Wednesday, May 22, 2013

taking things for granted

Verse 3.11: The demigods, being pleased by sacrifices, will also please you, and thus, by cooperation between men and demigods, prosperity will reign for all.

How often do you consider where the water you are drinking is coming from? When you're handing over your money to buy your fruits and veggies, do you think "Wow! I'm so lucky to receive the gifts of nature"? Truthfully, those thoughts rarely cross my mind. I just assume that food and water, what to speak of all the other basic necessities, will just be there at my beck and call.

In other words, I often tend to take things for granted.

The Gita, at this point, is leading us into a deep exploration of gratitude. Here, we learn that everything from the air we breath, to the water we drink, to even the inner functions of our body, are controlled by various personalities known as demigods. Demigods, simply put, are empowered beings.

Just like a prime minister or president of a country will delegate authority or power to trusted members of his/her cabinet, similarly, demigods are individuals who have been delegated specific responsibilities by Krsna to ensure that the material world works efficiently.

When we receive anything from anyone, this puts us in their debt. That is why Krsna is bringing up the work of demigods and the necessities they provide to us. Although we may not have the vision to see them, they are there in the background. One can think of it like this: just like we may not see or take note of the individuals who work at the power plants to bring us electricity in our homes, we immediately feel an effect the moment our electricity is cut off. Our "gratitude", as one may choose to call, is reflected to those workers by the electricity bills we pay.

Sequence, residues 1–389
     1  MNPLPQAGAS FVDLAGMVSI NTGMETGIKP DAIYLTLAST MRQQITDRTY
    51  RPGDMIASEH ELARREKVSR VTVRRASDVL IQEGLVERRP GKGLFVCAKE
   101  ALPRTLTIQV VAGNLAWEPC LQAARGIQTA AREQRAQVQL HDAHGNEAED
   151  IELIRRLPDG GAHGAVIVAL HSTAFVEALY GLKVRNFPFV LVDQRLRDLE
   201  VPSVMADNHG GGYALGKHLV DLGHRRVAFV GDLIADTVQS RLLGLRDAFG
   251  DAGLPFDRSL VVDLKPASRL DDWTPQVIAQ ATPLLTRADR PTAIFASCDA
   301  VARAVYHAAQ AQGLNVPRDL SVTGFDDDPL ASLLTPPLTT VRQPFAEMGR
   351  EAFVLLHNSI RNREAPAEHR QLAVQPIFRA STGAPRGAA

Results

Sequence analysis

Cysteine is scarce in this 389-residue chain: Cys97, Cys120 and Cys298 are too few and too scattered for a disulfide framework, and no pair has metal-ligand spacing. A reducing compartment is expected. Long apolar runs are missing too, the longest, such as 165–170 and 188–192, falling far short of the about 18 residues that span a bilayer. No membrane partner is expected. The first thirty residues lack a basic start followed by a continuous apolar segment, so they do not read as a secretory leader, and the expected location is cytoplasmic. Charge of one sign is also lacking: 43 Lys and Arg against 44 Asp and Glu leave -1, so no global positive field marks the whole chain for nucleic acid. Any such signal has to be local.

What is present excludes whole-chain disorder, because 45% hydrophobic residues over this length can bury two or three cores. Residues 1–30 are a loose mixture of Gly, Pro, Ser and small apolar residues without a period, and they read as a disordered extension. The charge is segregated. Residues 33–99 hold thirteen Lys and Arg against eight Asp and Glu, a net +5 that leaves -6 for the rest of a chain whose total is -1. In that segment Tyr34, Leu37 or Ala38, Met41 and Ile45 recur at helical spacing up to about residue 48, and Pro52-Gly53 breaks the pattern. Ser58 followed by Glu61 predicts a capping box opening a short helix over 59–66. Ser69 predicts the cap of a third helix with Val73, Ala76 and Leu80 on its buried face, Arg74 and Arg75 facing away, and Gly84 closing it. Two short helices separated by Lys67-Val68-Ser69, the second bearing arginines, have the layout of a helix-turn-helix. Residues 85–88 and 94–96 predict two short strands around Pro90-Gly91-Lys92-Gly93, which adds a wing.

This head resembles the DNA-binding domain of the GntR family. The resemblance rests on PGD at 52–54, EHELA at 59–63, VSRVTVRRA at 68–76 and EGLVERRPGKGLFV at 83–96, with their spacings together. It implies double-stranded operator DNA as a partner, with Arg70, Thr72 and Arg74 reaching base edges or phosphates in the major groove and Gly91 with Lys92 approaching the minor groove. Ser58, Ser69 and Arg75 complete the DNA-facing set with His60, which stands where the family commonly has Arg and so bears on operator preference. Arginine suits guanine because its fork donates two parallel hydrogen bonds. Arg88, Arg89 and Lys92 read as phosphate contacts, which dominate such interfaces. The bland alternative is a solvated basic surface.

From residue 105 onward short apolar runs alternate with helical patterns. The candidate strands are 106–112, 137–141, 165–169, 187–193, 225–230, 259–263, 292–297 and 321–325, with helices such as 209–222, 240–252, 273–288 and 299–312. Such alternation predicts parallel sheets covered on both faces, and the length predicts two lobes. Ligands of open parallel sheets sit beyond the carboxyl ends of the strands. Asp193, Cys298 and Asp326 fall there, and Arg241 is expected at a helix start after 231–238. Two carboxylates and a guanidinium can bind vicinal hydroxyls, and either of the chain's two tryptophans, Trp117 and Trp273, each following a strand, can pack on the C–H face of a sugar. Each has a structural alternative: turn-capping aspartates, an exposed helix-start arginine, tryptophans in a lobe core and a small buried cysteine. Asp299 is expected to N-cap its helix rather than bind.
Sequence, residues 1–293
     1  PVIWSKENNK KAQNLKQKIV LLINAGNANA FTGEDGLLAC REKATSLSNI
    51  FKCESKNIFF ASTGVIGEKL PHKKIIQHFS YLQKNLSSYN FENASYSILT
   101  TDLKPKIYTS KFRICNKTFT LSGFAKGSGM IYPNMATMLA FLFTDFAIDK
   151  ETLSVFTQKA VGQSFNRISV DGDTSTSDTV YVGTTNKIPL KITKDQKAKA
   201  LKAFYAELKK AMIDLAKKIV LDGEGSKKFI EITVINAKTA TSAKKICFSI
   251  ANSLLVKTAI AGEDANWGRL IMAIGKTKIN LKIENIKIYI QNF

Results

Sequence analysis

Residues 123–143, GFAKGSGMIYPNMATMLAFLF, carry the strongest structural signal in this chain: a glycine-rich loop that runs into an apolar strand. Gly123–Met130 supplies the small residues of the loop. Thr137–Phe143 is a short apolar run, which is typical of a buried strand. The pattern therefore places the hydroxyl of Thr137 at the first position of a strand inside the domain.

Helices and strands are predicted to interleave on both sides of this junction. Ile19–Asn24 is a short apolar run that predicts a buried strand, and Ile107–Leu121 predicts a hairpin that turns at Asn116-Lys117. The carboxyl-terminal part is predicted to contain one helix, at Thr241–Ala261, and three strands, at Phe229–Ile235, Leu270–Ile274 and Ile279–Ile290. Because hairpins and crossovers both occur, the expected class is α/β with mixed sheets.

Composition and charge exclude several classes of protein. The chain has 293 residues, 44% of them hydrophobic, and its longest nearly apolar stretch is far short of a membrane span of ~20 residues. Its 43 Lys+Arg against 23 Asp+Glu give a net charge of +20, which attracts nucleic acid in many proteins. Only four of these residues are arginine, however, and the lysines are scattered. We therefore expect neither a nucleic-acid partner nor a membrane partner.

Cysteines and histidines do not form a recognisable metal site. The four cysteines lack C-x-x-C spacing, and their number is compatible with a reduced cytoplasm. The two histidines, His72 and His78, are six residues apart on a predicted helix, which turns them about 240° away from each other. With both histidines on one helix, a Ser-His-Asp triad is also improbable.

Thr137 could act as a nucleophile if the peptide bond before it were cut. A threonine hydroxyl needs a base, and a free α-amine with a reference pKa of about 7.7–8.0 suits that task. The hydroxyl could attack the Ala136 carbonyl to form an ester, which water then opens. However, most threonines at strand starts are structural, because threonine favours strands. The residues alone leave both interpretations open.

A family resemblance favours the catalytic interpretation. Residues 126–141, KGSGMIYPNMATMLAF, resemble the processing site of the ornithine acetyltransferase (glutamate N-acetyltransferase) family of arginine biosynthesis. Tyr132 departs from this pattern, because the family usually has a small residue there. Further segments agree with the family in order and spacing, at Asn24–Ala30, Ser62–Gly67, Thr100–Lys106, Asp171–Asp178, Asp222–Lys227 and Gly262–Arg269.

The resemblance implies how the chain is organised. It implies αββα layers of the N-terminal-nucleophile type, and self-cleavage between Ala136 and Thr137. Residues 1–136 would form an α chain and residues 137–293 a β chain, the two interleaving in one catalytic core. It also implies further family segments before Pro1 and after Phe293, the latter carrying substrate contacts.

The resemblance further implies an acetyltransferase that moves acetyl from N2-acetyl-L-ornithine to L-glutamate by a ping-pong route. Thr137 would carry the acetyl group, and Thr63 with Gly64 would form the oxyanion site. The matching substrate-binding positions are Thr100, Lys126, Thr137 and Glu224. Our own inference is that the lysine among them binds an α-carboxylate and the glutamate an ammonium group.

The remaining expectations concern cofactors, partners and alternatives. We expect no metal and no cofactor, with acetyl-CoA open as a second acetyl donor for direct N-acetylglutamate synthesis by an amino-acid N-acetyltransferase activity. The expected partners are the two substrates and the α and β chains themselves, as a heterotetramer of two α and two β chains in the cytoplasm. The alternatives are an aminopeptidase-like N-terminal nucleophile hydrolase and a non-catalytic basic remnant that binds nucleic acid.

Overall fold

That is: we give recognition and offer our appreciation for the services that are provided to us.

Krsna is indicating here that it is only be recognizing the service of the demigods that one can live in prosperity. If that's the case, then the obvious question is "How does one go about doing this." Did you know that there are millions upon millions of demigods? To acknowledge and recognize them all is simply not practical. That's why the Gita provides us with a short cut.

See, the demigods themselves are aware that the power and responsibility that they carry is also not their own. They too practice gratitude by acknowledging that the source of their empowerment comes from the Supreme. That is why by simply living our lives in gratitude by offering everything we do (and even say) to Krsna automatically relives us from the debt we owe to the demigods. By going straight to the source, everything is covered. In fact, the Vedas state that the demigods themselves are even more pleased when we offer everything to Krsna rather than offering it to them.

It's quite beautiful if you think about it. It's a chain of gratitude where everyone, from all of us to even more highly empowered beings such as the demigods, acknowledge and offer our appreciation. It is this practice of gratitude and appreciation that enriches us and makes us open to become empowered bhakti yogis.

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